A review by kell_xavi
A Spectral Hue, by Craig Laurance Gidney


Synaesthesia and ekphrasis come together with the uniquely devastating history of Black America in this novel. The mimetic impulse, a godly or otherworldly inspiration, is present in the text, in variations on haunting, worship, and obsession. Gidney’s writing is sometimes intoxicating. He writes layers of the story, dedicated to his characters and the expression of them within place and through craft.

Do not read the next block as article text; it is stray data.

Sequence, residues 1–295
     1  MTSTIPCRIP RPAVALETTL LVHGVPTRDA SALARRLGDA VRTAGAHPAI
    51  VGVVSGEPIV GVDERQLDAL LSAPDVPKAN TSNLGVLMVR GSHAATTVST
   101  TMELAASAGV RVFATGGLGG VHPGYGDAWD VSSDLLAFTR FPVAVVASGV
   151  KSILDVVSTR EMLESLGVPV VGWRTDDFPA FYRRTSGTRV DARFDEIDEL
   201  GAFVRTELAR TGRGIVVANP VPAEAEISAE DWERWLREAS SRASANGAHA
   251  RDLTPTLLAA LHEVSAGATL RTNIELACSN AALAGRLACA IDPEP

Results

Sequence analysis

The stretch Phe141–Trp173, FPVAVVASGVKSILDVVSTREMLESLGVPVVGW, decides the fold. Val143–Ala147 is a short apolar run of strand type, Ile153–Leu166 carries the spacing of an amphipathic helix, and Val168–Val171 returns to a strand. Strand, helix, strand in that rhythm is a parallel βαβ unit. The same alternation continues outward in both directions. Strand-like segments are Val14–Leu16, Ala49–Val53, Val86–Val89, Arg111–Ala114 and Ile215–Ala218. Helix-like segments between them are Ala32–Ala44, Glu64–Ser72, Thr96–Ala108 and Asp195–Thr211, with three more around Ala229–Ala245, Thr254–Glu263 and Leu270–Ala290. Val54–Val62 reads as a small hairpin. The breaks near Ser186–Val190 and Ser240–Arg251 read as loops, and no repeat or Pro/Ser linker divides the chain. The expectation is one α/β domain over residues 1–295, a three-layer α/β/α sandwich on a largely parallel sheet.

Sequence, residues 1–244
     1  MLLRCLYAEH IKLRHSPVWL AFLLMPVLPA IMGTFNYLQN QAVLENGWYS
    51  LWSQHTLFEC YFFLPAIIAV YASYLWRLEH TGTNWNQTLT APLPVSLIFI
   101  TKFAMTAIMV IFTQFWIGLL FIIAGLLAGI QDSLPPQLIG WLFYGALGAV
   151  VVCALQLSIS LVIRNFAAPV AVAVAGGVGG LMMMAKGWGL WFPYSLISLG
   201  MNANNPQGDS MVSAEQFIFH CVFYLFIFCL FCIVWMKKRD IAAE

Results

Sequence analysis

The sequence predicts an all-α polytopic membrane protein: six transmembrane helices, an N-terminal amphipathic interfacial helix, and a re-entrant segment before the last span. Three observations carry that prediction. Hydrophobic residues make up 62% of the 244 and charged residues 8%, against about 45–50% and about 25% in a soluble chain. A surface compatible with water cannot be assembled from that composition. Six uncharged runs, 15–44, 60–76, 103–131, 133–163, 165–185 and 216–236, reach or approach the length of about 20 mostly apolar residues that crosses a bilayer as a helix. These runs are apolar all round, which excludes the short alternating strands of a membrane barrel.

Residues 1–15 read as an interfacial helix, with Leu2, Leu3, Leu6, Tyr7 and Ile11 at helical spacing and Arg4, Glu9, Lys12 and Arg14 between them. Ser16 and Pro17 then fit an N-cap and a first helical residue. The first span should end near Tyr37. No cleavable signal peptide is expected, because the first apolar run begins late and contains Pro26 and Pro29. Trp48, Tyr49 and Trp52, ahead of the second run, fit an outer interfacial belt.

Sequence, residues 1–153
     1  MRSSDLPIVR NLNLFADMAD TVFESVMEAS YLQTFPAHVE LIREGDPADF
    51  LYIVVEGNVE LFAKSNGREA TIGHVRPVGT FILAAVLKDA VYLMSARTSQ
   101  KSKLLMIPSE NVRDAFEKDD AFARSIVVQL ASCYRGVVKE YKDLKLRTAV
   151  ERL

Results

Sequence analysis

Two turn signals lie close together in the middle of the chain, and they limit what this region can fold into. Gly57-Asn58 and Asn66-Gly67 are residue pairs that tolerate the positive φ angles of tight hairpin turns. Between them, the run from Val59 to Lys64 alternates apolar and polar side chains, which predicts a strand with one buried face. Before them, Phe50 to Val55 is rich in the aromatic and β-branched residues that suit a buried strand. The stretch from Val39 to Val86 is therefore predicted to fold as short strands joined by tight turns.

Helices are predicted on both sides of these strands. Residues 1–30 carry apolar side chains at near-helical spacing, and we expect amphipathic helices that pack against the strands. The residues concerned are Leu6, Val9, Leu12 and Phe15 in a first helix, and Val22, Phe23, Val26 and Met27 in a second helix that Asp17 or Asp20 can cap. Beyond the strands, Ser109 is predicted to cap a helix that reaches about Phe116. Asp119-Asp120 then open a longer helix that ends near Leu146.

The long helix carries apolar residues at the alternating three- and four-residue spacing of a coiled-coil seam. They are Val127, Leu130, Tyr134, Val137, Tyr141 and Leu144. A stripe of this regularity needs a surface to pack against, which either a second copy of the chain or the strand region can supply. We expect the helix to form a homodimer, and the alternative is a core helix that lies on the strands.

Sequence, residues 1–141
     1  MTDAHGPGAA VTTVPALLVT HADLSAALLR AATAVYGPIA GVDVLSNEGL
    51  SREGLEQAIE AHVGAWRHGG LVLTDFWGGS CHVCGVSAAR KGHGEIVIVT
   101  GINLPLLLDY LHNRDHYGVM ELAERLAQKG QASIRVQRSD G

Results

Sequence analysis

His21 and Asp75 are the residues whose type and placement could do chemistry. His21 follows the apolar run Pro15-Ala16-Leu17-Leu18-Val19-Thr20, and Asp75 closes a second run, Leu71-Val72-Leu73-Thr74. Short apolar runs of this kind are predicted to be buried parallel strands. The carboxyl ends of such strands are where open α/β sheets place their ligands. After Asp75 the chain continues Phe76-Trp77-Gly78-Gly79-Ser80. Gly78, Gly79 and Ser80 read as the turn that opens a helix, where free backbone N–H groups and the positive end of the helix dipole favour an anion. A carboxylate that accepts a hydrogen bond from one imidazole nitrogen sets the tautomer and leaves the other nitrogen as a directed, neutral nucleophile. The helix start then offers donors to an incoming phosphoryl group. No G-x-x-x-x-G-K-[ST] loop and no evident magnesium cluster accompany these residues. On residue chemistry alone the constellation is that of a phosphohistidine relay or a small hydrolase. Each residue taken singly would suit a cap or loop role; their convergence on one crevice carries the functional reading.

The story was weighted unevenly. Gidney paints backwards and forwards across the lives of Iris, Lincoln, Xavier, and Fuchsia, more a preface to the plot than immersed in it—for the whole book, bursts of revelation are set against a steady, illustrative but unexciting buildup. There is an eventuality, but it’s fleeting, paint slathered on in ecstasy that never quite sets.

I saw notes of Freshwater and Paradise Rot in A Spectral Hue. It’s so much a book about art, about muse (I saw Greek visions of art throughout the text), inspiration; but also, intergenerational understandings of history, culture, belonging; Black and queer ways of sensing and being; confusion, clarity, and solace.